MacBook Pro with Retina Display to Cost $1,699: Report
Apple's media event on Tuesday will likely center on the release of the iPad Mini, but the company may also showcase a 13-inch MacBook Pro with Retina display.While most of the media speculation around Apple’s Oct. 23 event has centered around the debut of a smaller version of iPad tablet, informally dubbed the iPad Mini, rumors are also circulating that Apple will introduce a 13-inch MacBook Pro notebook featuring the company’s high-definition Retina display. A report from Apple-centric blog 9to5Mac said the notebook would carry a street price of $1,699, with higher-spec models costing $200 to $300 more. On the 15-inch MacBook Pro with Retina display, Apple packed in more than 5 million pixels—a pixel density is so high that the human eye can’t discern individual pixels. It has a 29 percent higher contrast ratio than a standard MacBook Pro display, meaning whites are whiter, blacks are blacker, and images look richer and sharper overall. The 15-inch MacBook Pro with Retina display starts at $2,199, while the MacBook Pro without the display starts at $1,799. Photos purportedly showing design components of the 13-inch MacBook Pro with Retina leaked online earlier this week on the Chinese site WeiPhone.com. The photos show the battery layout of the notebook and the ports on the left and right sides of the device, as well as shots of 8GB of RAM from Japanese memory chip manufacturer Elpida, the main logic board and internals for the MacBook Pro’s various ports. Apple’s media event Oct. 23 is likely to focus on the unveiling of the iPad Mini, which would enter an increasingly competitive tablet market. The device will reportedly feature a 7.85-inch screen and a price point starting around $250, putting it in competition with smaller tablets like Amazon’s Kindle Fire, which starts at $159, and the Google Nexus 7 tablet, which starts at $199.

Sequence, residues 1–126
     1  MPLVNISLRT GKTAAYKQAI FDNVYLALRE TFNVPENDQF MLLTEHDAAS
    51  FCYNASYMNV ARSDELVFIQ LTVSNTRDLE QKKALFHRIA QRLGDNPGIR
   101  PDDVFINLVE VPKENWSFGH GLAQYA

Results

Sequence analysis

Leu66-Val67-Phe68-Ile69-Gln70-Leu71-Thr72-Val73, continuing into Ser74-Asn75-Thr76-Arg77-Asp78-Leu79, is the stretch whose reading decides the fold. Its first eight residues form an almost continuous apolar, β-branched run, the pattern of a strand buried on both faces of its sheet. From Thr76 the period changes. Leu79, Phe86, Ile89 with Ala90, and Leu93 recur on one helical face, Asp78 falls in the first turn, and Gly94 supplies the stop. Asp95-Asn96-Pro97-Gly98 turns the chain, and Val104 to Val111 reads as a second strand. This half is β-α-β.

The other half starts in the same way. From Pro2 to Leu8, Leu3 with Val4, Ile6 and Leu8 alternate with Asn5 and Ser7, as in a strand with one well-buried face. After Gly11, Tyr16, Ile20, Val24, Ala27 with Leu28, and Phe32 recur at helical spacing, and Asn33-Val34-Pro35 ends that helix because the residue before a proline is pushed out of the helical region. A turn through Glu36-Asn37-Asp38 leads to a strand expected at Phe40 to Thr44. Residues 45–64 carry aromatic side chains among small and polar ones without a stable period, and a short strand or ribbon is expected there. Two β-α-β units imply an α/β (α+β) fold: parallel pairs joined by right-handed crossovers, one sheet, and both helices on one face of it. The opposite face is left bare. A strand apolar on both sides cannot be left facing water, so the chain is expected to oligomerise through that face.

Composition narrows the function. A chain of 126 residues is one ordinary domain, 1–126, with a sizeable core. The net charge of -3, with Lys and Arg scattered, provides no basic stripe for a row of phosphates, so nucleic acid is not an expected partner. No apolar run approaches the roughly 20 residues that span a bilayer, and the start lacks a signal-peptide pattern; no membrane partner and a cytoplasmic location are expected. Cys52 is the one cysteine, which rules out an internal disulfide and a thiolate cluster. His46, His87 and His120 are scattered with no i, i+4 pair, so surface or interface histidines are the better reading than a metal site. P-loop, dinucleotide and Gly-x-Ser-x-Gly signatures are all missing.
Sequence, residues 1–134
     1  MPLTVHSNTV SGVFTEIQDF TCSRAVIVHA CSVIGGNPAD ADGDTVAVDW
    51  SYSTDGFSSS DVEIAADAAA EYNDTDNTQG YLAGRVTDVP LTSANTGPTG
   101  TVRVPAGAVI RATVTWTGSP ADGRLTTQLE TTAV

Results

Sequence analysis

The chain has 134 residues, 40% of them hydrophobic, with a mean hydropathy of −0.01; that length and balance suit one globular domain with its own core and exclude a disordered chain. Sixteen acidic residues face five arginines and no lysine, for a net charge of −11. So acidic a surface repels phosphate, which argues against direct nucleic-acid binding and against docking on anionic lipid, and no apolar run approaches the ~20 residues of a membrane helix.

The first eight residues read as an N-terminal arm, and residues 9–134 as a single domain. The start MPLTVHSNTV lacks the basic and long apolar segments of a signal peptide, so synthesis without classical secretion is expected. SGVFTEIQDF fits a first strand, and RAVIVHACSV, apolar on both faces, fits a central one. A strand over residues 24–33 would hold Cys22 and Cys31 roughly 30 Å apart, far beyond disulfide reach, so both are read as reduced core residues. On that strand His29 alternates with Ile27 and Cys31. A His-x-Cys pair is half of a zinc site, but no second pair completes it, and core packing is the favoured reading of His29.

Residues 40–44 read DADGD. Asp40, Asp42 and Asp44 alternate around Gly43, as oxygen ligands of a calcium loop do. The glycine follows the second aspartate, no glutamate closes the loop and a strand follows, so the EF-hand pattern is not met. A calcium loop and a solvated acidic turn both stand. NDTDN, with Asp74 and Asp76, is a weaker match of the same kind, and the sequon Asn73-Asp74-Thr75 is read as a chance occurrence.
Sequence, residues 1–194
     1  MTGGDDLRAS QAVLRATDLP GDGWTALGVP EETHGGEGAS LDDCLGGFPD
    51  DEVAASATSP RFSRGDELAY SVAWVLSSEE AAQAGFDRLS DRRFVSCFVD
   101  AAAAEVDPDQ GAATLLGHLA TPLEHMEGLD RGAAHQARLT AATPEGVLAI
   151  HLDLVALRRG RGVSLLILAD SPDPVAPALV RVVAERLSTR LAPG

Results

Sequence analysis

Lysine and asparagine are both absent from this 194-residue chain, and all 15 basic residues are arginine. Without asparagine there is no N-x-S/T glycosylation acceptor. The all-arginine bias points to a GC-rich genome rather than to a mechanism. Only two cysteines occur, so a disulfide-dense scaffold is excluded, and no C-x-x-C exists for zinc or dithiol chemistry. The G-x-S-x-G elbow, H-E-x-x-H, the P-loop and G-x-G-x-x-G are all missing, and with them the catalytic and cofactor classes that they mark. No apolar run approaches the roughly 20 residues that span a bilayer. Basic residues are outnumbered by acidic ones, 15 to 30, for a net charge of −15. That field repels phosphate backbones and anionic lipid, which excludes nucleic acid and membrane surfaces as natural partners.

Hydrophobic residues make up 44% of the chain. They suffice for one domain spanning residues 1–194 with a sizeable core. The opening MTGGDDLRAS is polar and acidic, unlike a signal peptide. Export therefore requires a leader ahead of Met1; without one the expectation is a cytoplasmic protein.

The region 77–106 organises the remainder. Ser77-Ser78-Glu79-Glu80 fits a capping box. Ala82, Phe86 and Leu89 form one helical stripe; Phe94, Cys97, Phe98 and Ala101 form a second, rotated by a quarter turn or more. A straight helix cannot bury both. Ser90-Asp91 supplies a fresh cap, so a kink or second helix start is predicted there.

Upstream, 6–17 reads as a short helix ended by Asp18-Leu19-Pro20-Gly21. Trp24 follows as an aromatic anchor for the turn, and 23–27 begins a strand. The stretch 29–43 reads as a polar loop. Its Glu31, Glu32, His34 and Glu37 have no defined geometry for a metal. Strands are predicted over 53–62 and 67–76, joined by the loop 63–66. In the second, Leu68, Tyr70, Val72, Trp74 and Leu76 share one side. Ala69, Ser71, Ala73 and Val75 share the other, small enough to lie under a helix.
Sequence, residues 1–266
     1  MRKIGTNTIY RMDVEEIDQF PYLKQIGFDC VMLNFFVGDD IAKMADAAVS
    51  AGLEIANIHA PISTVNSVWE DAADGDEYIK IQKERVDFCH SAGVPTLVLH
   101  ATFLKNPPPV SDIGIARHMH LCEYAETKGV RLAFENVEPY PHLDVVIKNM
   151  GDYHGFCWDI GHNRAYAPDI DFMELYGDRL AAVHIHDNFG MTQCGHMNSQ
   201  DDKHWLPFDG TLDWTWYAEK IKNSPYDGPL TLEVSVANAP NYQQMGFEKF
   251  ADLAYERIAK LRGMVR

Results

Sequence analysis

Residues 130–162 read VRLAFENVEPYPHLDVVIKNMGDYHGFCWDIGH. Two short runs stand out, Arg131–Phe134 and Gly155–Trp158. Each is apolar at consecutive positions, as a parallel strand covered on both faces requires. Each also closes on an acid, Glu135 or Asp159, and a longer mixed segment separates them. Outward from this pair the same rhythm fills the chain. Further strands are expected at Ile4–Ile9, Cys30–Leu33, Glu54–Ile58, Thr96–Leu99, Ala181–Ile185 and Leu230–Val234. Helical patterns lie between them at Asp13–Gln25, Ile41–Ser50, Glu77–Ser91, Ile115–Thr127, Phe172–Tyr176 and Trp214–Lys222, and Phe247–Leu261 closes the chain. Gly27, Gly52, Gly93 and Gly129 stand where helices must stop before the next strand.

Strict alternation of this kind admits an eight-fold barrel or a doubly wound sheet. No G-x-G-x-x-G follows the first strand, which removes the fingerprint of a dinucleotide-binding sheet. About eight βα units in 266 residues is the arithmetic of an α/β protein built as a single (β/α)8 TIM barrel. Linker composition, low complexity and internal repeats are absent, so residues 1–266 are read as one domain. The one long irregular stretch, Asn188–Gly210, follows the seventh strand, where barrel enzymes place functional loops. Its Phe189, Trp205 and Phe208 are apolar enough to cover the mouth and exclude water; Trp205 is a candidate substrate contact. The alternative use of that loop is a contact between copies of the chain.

The lion’s share of the tablet market currently belongs to Apple, which according to IT research firm IDC represents 68 percent of all tablets sold. Apple shipped 17 million iPads during the second quarter of 2012, up from 11.8 million units in the prior quarter. While many analysts have concluded the iPad Mini would be a success, it may come at the expense of its big brother. Piper Jaffray analyst Gene Munster wrote in a research note earlier this week that the smaller iPad could cannibalize 1 million regular iPad units in December, a 20 percent rate of cannibalization.